Guide to Esjan Mountain
Mount Esja, just outside of Reykjavík, is a favourite destination among Icelanders and tourists. It offers numerous hiking trails of varying difficulty levels, catering to both experienced and beginners.
The most popular route is the "Esjan Trail" (also known as the "Steinn" or "Botni" trail), which takes you to the summit of Þverfellshorn. The trail offers stunning views of Reykjavík, the surrounding landscapes, and the adjacent fjords.
How to Get to Esja From Reykjavík
Getting to Esja is pretty easy, even if you don't have access to a car. It's 11 kilometres north of the town of Mosfellsbær, about 20 minutes and accessible from Route 1. Drive through Mosfellsbær, and you'll see signs pointing to the car park.
If you don't have access to a car, you can take the Strætó 57 bus from the bus station Mjodd in Reykjavík. The bus fare is 1,140 ISK, and the bus departs several times a day. It's approximately a 30-minute ride. If you are feeling unsure, let the bus driver know that you are heading to the base of Esja (the bus stop is Esjumelar), and you will get dropped off at the car park.
Standing 914 metres, Esja looms over Reykjavík. It's a favourite among locals and the subject of thousands of spectacular tourist photographs. Hiking Esja is a popular pastime, and a few paths ascend the mountain.
The most popular path begins at the car park, which is about 780 metres. From there, you can cross the Mógilsa stream, which leads to a steeper stretch named "Steinnin." The hike is considered easy, but be aware that the last stretch to the top is pretty steep; there are handrails to lessen the challenge.
You can sign a guestbook when you reach the top of this path. It's fun to read through all the names and see where people have travelled from to climb the mountain.
How Long Does it Take to Hike Mount Esja
The most common route taken at Esja takes about two to four hours round-trip, depending on the paths you choose, how many breaks you take along the way, and your fitness level.
Please take precautions before you head out for a hike. Make sure you check the weather forecast and remember that the weather can be fickle. It may be beautiful out with sunny skies, but it could turn very windy and rainy quickly. Bring water, proper footwear, and waterproof clothing with you.
The Best View of Esjan
Perlan in Reykjavik, Iceland, boasts an observation deck offering panoramic views of the city and its natural surroundings. One standout sight is the mountain Esjan, which looms to the north with its snow-capped peaks. From Perlan, visitors can witness the harmonious blend of Reykjavik's urban sprawl and Iceland's untouched geological wonders, epitomized by the majestic Esjan.
Attractions Close to Esja
Þingvellir National Park
The birth of Iceland as a nation happened at Þingvellir. Translated to "Parliament Plains," Þingvellir was the site of Iceland's first general assembly, which was said to have been established in the year 930 and was the meeting place of the Icelandic parliament until 1798. Many significant sights are at Þingvellir, including Almannagjá (All Man's Gorge) and Lögberg (Law Rock).
Þingvellir was established as a national park in 1930, and today, visitors come to the area for its historical and geological significance, as it is the site of a rift valley that marks the crest of the Mid-Atlantic Ridge. It's also home to Þingvallavatn, the largest natural lake on the island, with a surface area of 84 square kilometres.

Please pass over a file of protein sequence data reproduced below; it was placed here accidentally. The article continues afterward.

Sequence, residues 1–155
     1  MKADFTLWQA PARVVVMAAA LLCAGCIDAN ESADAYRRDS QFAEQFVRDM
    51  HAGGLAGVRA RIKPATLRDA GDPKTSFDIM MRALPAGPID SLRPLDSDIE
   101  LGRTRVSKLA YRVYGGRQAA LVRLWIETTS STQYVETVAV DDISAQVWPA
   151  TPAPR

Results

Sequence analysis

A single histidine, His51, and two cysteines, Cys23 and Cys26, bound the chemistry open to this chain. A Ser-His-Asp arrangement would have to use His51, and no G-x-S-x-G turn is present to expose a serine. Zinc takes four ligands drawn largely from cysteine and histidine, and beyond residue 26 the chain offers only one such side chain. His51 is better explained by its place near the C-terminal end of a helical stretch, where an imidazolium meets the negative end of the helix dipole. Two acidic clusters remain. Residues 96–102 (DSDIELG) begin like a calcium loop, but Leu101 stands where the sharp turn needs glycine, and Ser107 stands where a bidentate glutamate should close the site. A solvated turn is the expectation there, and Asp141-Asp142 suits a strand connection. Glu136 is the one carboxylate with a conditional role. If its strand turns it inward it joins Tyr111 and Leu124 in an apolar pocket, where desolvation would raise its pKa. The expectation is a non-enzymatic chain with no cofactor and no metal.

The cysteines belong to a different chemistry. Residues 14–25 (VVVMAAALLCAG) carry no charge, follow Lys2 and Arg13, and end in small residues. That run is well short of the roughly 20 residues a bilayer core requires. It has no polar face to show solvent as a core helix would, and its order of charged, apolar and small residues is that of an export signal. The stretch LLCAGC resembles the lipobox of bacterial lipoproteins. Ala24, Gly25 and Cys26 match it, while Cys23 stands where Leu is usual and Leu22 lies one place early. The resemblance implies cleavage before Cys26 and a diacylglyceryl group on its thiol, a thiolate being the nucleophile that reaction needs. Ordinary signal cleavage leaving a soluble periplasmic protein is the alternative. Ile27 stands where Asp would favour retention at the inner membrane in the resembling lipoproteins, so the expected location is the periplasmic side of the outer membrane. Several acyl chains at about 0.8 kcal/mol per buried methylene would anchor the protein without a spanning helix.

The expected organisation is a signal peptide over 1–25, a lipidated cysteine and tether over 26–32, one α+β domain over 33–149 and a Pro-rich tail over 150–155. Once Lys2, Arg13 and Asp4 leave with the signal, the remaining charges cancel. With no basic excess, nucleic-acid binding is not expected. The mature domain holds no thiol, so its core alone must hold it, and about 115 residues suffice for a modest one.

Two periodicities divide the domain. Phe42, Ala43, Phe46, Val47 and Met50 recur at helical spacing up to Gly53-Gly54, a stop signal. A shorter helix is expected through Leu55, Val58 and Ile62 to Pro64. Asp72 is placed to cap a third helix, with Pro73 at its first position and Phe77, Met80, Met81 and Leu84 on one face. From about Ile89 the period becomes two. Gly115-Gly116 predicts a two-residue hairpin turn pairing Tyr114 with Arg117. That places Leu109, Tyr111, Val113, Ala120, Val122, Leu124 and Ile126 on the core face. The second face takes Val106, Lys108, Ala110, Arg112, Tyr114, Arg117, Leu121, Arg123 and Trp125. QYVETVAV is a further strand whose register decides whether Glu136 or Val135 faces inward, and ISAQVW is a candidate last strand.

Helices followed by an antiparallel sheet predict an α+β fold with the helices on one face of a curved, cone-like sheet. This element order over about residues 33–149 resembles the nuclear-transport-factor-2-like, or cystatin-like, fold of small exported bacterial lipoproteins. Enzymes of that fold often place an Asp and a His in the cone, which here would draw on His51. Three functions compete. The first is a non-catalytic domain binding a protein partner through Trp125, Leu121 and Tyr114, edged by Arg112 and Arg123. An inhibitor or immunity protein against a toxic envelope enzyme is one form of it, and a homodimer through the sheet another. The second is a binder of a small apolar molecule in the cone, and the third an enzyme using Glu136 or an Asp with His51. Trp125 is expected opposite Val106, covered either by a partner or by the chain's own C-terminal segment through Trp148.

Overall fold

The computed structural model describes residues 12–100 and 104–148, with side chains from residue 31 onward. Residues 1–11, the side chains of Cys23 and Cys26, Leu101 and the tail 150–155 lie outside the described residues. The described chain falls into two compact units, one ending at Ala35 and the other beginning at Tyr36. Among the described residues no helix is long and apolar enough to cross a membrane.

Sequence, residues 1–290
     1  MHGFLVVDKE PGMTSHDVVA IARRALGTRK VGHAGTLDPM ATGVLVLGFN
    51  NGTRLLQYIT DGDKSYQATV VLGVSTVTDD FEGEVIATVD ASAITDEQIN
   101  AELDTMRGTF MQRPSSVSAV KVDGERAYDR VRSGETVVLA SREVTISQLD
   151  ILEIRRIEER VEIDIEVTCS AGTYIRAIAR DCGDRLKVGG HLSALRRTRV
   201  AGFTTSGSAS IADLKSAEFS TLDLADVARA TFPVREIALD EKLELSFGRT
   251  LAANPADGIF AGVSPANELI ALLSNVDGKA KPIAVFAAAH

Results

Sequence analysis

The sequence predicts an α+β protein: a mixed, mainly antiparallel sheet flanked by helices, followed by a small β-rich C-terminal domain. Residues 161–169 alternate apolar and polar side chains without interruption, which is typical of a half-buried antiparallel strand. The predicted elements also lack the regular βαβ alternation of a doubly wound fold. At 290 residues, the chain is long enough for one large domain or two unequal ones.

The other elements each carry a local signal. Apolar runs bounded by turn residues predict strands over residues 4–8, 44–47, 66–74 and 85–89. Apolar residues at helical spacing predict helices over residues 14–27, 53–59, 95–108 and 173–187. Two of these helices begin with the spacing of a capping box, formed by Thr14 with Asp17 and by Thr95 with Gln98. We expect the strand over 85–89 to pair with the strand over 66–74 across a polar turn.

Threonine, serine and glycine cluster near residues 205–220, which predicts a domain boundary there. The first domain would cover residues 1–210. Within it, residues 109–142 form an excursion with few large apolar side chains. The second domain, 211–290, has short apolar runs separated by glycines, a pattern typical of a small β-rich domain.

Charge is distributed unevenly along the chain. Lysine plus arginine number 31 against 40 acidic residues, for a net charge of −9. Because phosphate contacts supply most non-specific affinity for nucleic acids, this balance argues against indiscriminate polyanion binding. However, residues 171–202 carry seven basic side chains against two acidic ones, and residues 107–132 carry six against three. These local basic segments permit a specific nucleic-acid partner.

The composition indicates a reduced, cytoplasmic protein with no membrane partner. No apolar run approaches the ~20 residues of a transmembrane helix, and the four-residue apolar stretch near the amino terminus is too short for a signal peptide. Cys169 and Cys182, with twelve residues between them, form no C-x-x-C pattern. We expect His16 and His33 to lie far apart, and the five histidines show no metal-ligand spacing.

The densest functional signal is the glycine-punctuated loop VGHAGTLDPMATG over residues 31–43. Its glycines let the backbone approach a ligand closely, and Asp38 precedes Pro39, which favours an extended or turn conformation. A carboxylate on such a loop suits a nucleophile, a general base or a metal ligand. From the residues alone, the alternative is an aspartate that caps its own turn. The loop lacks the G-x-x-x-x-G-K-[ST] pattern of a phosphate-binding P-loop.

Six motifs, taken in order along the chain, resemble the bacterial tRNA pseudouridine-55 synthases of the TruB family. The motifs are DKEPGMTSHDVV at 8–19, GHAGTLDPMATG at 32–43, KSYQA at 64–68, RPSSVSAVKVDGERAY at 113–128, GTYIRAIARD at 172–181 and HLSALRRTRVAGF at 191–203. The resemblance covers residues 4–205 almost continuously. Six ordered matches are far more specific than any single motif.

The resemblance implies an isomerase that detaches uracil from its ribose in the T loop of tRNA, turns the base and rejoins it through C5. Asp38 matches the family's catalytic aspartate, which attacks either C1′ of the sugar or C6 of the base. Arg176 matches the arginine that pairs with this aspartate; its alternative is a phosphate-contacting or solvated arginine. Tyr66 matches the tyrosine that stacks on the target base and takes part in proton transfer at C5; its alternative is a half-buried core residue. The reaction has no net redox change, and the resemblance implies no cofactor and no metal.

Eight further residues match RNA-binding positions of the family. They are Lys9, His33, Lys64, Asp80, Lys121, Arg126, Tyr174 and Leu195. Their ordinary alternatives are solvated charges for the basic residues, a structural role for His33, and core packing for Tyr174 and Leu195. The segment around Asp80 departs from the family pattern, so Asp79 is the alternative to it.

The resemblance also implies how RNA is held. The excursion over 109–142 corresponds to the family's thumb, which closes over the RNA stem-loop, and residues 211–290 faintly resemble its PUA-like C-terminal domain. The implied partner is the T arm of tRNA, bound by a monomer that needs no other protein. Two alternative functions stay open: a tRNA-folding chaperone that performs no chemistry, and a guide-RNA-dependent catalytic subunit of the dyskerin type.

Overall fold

Gljúfrasteinn was the home of Icelandic novelist and national treasure Halldór Laxness. Laxness, who was awarded the Nobel Prize for Literature in 1955 for his novel Independent People, lived at this home from 1945 until he died in 1998. It has been preserved as a museum, giving visitors a glimpse into his life, including the library and study where he wrote several of his books.
The white two-story concrete building is well preserved, but it feels lived in, with many personal artefacts decorating the home, including books, clothing, and furniture. A short multimedia presentation about Laxness' life and work is available in English, Icelandic, and Swedish.
Hvalfjörður (Whale Fjord) is located approximately 30 kilometres north of Esja. It's a picturesque fjord known for its tranquillity and natural beauty. Visitors can take scenic drives, hike along trails, or explore the remnants of an abandoned World War II naval base.
Álafoss Wool Factory
The Álafoss Wool Factory is home to the Álafoss wool brand, established in 1896 and the leading manufacturer and exporter of Icelandic wool products for decades. The brand is still being manufactured in Iceland today.
The shop is located in the old factory house by the Álafoss waterfall, which was used to drive the mills. The shop sells wool skeins, scarves, hats, sweaters, blankets, and other small goods. You can also purchase a sheepskin as well as other Icelandic design products. The site also includes an exhibition of old knitting machinery and photographs from the mill's early days.
Learning about Iceland's Geology in Reykjavík
Perlan's Forces of Nature exhibition allows guests to feel the power of volcanoes, earthquakes, and geothermal energy that powers the island. Guests will learn about mountains and volcanoes that form when heat and pressure build up beneath the earth's surface. The earth's weak points tend to be along fault lines where tectonic plates converge or diverge, as in Iceland's case.
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